Azithromycin Better at Preventing Bronchiectasis Worsening Than Other Antiobiotics, Study Reports

Azithromycin Better at Preventing Bronchiectasis Worsening Than Other Antiobiotics, Study Reports

A retrospective study comparing the effects of different antibiotics in preventing bronchiectasis exacerbations demonstrated the superior effectiveness of azithromycin, compared to other antibiotics from the same class, including erythromycin and roxithromycin.

The Chinese study, “Azithromycin or erythromycin? Macrolides for non-cystic fibrosis bronchiectasis in adults: a systematic review and adjusted indirect treatment comparison,” was published in the Chronic Respiratory Disease journal.

Between 2000 and 2007, bronchiectasis morbidity in the U.S. was 1,106 cases per 100,000 people, with an annual increase of 8.74 percent.

A number of treatments are prescribed to manage the disease, including antibiotics. These are used to prevent the worsening of symptoms, or exacerbation, and to reduce the number of bacteria in the lungs.

This is the case of macrolides, a class of antibiotics that are not only antibacterial but also have immune-regulatory effects. Azithromycin, erythromycin, and roxithromycin belong to the macrolides group and are sold under several brand names.

Due to the broad range of macrolides, physicians pose the question, “Which kind of macrolide antibiotic is more effective and safe in preventing bronchiectasis exacerbation?”

To find the answer, a research team from Guiyang University of Chinese Medicine in Guiyang, China, studied clinical trials published until May 2017 that reported the use of macrolides in patients with non-cystic fibrosis bronchiectasis, and compared the results in terms of safety and efficacy.

The team analyzed data collected from seven studies enrolling 457 participants.

Researchers found that macrolides, in general, decreased the rate and number of bronchiectasis exacerbations, measured as the number of exacerbations per patient and per year, respectively.

A more detailed analysis revealed that azithromycin and erythromycin, but not roxithromycin, significantly decreased the number of disease exacerbations. Azithromycin was actually more effective as it induced a significantly lower exacerbation rate than erythromycin, demonstrating the superior effectiveness of the drug in preventing exacerbations.

Diarrhea, nausea, and other gastrointestinal reactions are known common adverse events of macrolides. Azithromycin increased the risk of diarrhea and abnormal pain, compared to placebo treatments and other macrolides.

Overall, the study demonstrated azithromycin’s superior capacity to decrease bronchiectasis exacerbations, and can eventually help physicians deciding which antibiotic to prescribe.

“This meta-analysis suggested that long-term treatment with macrolides significantly reduced the incidence of non-cystic fibrosis (CF) bronchiectasis exacerbation,” the researchers wrote, adding that “indirect treatment comparisons showed that azithromycin is more efficient than roxithromycin and erythromycin in preventing non-CF from exacerbation.”


  1. Dr Hannah S Wilder says:

    Please include an article on the use of ozone in treating bronchiectasis. I have seen at least one anecdotal video in which patient was given treatments of ozone filtered through eucalyptus and pine oil, which made ozone non irritating. The patient, who had had recurrent infections, stopped having them altogether. I hope you will feature such treatments that do not necessarily generate large incomes for pharmaceutical treatments.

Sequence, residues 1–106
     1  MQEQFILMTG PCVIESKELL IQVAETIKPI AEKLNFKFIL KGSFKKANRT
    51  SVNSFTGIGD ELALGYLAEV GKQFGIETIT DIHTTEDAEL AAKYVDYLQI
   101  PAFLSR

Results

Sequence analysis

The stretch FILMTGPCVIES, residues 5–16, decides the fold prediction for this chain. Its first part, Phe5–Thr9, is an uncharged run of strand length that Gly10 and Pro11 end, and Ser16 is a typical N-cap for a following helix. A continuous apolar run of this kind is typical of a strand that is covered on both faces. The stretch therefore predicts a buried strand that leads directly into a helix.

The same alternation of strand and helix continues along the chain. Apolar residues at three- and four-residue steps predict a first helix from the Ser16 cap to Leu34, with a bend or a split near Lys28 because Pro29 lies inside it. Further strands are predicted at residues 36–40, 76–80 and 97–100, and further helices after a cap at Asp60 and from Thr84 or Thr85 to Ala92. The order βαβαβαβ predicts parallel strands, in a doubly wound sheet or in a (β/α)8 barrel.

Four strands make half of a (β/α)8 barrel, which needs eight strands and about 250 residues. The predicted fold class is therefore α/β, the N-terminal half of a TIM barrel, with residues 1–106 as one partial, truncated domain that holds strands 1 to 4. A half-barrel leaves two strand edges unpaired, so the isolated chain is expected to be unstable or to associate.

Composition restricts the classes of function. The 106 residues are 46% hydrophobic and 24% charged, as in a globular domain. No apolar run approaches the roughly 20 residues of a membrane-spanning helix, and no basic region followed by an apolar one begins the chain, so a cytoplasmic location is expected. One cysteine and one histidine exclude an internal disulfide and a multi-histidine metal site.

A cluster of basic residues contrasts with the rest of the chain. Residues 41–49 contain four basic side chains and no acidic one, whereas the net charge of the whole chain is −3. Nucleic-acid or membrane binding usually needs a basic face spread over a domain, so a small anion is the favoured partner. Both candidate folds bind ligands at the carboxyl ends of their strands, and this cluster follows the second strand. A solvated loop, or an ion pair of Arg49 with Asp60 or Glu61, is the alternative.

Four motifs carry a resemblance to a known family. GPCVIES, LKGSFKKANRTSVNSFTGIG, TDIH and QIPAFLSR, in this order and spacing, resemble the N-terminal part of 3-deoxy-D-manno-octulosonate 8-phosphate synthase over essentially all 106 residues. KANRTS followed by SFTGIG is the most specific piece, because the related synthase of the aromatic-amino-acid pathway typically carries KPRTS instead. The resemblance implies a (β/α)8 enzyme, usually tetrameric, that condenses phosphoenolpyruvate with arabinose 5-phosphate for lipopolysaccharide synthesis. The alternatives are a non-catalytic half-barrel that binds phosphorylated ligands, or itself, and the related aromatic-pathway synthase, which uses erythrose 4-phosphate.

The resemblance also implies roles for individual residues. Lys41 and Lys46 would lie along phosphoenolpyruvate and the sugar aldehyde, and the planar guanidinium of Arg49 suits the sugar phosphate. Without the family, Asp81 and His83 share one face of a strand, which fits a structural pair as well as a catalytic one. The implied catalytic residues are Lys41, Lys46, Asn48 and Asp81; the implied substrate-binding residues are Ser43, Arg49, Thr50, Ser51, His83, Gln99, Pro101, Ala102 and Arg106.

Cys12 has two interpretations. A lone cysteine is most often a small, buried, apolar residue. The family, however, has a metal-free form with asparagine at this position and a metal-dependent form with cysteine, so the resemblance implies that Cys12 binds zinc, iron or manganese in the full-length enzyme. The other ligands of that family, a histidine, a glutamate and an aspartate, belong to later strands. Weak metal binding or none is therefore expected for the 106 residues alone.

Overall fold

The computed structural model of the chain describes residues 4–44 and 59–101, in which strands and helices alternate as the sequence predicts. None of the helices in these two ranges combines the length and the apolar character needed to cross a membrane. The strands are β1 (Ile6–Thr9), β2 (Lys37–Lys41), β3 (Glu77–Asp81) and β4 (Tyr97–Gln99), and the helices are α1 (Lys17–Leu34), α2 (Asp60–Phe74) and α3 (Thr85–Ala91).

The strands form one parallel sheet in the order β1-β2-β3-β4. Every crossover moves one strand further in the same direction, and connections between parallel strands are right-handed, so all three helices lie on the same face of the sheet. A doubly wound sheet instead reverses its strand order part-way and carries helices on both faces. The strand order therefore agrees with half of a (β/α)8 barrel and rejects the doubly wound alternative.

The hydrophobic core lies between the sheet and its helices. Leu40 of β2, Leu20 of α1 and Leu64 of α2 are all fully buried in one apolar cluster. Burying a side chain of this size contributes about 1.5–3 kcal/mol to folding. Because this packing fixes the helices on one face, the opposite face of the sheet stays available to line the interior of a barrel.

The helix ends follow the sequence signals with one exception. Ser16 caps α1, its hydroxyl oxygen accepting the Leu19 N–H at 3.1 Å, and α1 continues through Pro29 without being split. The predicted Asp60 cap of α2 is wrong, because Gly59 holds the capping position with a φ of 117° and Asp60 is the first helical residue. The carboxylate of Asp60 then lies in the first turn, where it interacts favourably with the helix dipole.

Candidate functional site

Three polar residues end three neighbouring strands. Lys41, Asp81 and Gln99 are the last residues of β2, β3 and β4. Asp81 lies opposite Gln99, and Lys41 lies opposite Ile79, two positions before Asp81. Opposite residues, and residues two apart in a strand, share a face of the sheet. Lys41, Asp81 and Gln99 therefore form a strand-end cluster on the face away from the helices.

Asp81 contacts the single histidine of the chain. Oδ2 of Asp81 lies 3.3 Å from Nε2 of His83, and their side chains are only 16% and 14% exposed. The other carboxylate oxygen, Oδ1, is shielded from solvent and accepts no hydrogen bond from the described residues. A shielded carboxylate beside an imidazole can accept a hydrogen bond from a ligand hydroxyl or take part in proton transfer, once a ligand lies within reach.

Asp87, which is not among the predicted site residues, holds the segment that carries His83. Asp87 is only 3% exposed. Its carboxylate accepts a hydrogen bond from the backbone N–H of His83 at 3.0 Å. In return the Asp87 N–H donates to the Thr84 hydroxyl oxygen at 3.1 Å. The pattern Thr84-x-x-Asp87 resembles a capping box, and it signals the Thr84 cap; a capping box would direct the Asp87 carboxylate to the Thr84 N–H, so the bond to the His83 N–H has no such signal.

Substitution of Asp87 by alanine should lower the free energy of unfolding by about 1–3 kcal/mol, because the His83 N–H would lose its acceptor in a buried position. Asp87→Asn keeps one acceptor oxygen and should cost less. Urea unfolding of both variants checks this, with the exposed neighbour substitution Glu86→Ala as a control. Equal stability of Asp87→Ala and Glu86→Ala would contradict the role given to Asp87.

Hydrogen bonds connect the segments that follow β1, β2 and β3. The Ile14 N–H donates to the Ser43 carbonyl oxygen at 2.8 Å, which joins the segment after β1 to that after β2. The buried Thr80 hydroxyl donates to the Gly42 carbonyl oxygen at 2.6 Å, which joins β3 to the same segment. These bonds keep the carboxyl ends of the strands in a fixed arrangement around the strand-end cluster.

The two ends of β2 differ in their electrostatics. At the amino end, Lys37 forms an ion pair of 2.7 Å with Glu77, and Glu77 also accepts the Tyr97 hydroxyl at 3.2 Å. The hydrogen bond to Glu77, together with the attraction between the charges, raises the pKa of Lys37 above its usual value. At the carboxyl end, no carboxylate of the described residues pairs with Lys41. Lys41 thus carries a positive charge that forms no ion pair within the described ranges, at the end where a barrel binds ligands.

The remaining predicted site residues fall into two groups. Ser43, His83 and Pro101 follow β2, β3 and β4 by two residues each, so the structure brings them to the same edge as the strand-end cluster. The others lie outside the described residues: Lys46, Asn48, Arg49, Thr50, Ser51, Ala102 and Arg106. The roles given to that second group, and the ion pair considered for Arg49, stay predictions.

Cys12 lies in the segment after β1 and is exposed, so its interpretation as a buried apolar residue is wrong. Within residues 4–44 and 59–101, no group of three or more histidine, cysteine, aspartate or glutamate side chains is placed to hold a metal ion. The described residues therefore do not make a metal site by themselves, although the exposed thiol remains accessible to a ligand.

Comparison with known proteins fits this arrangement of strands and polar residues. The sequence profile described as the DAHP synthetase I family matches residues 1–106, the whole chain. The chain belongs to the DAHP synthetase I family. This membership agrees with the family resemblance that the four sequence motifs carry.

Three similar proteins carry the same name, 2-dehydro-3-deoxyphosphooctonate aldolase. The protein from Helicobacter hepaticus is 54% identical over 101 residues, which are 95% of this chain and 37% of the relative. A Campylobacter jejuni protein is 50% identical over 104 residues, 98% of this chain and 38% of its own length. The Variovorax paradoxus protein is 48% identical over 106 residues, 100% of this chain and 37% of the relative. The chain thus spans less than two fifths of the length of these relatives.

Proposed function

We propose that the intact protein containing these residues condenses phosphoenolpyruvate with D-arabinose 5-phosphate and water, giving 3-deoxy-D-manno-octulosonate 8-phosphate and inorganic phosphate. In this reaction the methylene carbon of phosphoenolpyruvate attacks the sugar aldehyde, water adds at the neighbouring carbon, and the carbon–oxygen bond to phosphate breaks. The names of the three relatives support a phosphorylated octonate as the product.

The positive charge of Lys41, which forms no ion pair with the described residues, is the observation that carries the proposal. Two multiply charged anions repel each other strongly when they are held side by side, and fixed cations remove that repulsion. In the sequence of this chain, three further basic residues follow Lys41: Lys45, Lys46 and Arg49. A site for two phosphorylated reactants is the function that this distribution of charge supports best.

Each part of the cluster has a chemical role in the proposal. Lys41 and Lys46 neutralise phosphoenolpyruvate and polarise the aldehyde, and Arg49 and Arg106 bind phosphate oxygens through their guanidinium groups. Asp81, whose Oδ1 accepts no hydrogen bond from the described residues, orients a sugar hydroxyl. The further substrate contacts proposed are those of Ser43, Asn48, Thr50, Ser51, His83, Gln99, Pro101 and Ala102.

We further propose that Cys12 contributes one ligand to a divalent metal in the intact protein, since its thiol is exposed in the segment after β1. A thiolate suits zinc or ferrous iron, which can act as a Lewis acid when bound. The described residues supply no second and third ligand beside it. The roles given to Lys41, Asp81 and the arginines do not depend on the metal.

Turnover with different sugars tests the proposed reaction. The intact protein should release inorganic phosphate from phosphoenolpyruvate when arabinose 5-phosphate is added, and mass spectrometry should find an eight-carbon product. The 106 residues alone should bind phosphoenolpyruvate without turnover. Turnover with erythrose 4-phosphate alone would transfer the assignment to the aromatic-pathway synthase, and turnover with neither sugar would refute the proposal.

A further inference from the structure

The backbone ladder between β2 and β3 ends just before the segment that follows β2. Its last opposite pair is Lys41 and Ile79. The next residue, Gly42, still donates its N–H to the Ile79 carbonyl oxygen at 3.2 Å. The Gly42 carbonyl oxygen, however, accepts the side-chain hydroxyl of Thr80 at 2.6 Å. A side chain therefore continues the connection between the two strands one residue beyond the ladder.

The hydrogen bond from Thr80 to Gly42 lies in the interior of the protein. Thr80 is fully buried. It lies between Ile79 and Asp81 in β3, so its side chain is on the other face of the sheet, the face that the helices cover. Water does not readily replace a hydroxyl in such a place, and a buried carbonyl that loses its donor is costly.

• Virginia Beck, NP says:

      Thanks for including this comment, I also use a diffuser with essential oils because my office is air conditioned.

      the use of the MoleKule air filter helps significantly . It is pricy but effective.

  2. Beatrice Muchman says:

    Thank you for this information. My doctor has been recommneding azithromycin
    for a long time during flare up episodes due to colds or coughs.

  3. Glenda says:

    I have today had a telephone consultation re my increased mucus production which is now occasionally blood streaked or pinky. Consultant has agreed it’s okay for me to go back on Azithromycin (3 times a week) which I gave up for the summer. Feeling safer.

    • John Chase Lee says:

      Re increased mucus production:
      My wife who had “non-CF Bronchiectasis” was able to stop her coughing, including the exacerbation(spasm), by taking the dietary supplement, “Triple Burn”, of Dr. Al Sears. Triple Burn is supposed to be good for 619 diseases. After taking the supplement pills twice a day for several days, she stopped miraculously her mucus and coughing problems completely. We wish we had known to use the supplement much earlier than three months before her passing. Her passing in May this year, I believe, was largely due to her starvation, due to the loss of her appetite. We did not know how to stop her losing weight steadily from 105 lbs to 60 lbs. Our pulmonologist Dr. warned us that she must not go down below 80 lbs. Recently, I began to regret deeply that we did not try “hypnosis” to lead her to eat as soon as she began to lose weight.

  4. jaime manriquez says:

    thanks john chase for your post, sorry about your lost, I have the acute Bronchiectasis an my problem is the excess of productive couhg, specially at nites when i lie down to sleep, waking me up several times, so Will be very helpful to know more about “triple Burn..Dr. Al Sears

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